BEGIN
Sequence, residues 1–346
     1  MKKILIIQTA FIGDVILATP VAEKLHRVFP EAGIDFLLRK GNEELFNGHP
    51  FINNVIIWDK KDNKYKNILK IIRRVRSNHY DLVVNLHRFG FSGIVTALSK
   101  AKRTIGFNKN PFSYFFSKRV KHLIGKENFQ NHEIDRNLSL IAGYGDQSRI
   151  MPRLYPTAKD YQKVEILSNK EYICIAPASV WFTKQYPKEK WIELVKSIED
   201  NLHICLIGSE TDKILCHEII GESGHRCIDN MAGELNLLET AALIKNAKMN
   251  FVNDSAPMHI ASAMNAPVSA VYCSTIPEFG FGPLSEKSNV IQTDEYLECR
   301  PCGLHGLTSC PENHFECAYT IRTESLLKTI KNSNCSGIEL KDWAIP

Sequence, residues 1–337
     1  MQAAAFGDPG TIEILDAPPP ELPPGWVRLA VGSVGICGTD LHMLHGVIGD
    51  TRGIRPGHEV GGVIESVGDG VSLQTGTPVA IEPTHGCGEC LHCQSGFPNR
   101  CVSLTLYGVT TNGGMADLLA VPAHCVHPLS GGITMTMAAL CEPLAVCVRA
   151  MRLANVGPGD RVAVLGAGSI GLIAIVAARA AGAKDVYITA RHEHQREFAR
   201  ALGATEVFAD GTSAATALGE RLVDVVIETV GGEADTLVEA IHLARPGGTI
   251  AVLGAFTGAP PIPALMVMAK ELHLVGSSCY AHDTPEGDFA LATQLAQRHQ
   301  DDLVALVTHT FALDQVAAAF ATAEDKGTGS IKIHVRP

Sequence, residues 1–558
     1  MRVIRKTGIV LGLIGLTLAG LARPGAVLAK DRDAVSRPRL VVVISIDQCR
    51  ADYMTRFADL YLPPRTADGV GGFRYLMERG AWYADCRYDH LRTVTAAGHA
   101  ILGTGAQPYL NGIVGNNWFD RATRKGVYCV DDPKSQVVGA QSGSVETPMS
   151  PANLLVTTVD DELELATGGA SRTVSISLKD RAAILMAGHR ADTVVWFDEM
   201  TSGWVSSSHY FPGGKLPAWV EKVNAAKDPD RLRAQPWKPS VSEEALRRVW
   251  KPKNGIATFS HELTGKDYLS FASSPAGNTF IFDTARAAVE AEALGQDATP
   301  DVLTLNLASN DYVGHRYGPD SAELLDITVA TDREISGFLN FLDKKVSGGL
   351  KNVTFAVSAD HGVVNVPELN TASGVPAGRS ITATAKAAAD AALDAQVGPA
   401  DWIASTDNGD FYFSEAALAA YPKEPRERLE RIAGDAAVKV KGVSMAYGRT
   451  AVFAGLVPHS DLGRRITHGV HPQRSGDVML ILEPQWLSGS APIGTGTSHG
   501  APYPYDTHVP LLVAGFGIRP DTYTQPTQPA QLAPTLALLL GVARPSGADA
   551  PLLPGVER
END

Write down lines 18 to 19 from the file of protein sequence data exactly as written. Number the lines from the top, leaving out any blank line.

     1  MRVIRKTGIV LGLIGLTLAG LARPGAVLAK DRDAVSRPRL VVVISIDQCR
    51  ADYMTRFADL YLPPRTADGV GGFRYLMERG AWYADCRYDH LRTVTAAGHA